On 29 April 2015, the United States and Kuwait signed a Model 1B Intergovernmental Agreement (IGA) to improve international tax compliance with respect to the Foreign Account Tax Compliance Act and to combat international tax evasion.


On 19 May 2015, the Inland Revenue Board of Malaysia (IRBM) posted an update stating that the date for submission of information in accordance with the draft FATCA guidance notes to IRBM has been postponed from 30 June 2015 as the Malaysia-US IGA is still being finalised.  A new date will be announced in a future posting.


The Mauritius Revenue Authority (“MRA”) has announced that Mauritius-based financial institutions registered with the IRS for FATCA reporting have to report information in respect of the year 2014 to the MRA by 31st July 2015 for onward transmission to the US IRS.


The Mexico-US intergovernmental agreement to implement FATCA requires financial institutions which are located or resident in Mexico such as banks, asset managers, insurance businesses or fiduciaries (among others) to report financial information on certain accounts owned directly or indirectly by U.S. persons, to the Mexican Tax Authorities (Servicio de Administración Tributaria or SAT).

The filing deadline for the first of these reports was originally set at 31 May 2015, however, the Mexican tax authorities have this week announced on their website a revised deadline of 15 September 2015. This will shortly be published in the Official Gazette.

The first FATCA reports must now be submitted by 15 September 2015 and will include information such as:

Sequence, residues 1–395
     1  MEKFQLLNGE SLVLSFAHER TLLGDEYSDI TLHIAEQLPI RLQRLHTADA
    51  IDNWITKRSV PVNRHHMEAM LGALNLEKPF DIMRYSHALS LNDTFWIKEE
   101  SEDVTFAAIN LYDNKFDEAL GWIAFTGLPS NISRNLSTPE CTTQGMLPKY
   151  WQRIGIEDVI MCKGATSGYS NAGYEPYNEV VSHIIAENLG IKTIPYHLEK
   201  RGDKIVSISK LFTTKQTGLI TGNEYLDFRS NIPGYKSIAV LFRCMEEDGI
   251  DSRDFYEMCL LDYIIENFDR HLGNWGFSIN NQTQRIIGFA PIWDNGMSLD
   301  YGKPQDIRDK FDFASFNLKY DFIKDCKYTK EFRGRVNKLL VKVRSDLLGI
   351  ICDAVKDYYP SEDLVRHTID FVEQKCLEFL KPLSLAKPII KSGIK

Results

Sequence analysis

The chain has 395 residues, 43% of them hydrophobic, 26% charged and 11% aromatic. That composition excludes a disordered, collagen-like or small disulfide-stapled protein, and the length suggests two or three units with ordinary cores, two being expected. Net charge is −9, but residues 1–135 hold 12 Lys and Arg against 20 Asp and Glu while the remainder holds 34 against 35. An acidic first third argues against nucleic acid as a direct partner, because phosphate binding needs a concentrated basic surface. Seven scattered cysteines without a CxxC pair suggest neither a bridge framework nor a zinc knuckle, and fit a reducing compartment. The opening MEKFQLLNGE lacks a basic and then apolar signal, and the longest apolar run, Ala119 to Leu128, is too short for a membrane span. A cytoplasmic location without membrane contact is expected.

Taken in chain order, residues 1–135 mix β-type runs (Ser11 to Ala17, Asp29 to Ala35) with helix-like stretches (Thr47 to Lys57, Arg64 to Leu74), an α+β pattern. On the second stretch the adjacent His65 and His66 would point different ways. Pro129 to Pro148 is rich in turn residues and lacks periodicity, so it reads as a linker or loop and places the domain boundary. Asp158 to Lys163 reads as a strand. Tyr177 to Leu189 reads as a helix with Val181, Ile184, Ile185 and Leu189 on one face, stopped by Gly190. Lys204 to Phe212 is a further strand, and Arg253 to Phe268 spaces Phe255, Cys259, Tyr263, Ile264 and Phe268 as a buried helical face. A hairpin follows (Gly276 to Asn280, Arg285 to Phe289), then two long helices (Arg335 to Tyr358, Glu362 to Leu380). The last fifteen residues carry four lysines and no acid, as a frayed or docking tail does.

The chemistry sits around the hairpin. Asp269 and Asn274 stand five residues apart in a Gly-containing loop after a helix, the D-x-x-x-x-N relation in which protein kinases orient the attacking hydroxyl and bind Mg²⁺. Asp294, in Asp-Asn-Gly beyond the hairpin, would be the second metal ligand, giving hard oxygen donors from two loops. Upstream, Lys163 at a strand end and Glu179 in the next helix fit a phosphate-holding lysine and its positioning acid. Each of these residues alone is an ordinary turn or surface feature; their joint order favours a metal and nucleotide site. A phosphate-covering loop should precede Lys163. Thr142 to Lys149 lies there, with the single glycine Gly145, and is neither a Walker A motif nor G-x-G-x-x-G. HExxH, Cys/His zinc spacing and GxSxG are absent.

· Name, address and tax reference number of the client
· Average monthly account balance or value and account number

Both entities and individuals will need to be reported. So, if the financial institution has any clients who are a) US individuals; b) US entities; or c) non-US entities controlled by US individuals or US entities (“US clients”), such financial institutions will need to be ready to report by 15 September 2015.


The deadline for reporting to the Dutch authorities is 1 June 2015.  By then, financial institutions in the Netherlands need to provide a specific set of data to the Dutch tax authorities (DTA) based on the FATCA IGA concluded between the Netherlands and the US.  For more information about how PwC Netherlands can assist you with this reporting, please see the attached flyer.


On 4 May 2015, President Bronislaw Komorowski signed a bill ratifying the agreement with the United States concerning enforcement of the Foreign Account Tax Compliance Act (FATCA), which provides a basis for the exchange of information about income and accounts of tax residents between the United States and Poland. The implementation process has not been finalised as the bill implementing the IGA (which is different from the bill on ratification) is still in the legislative process.

United Kingdom

On 15 April 2015, the UK’s International Tax Compliance Regulations 2015 came into effect.  These supersede the previous FATCA regulations that came into force on 20 June 2014.  For more information regarding the changes, please see our recent PwC UK News Release.

The UK has also published an updated FATCA Schema, updated guidance regarding registration and reporting, and guidance around the recent changes for the classification of holding companies and treasury companies.


If you have any questions to the recent comments, please feel free to contact me.

“Gilded Age” 2.0 – Billionaires Study 2015

billionairesBillionaires: Master architects of great wealth and lasting legacies

The majority of today’s self-made billionaires have built their wealth – totalling over USD 3.6 trillion – within the last two decades. Within Europe about half of all billionaires come from the consumer industry. The new UBS and PwC “Billionaires” study also shows that Asia is on the road to becoming the billionaire hub of the future.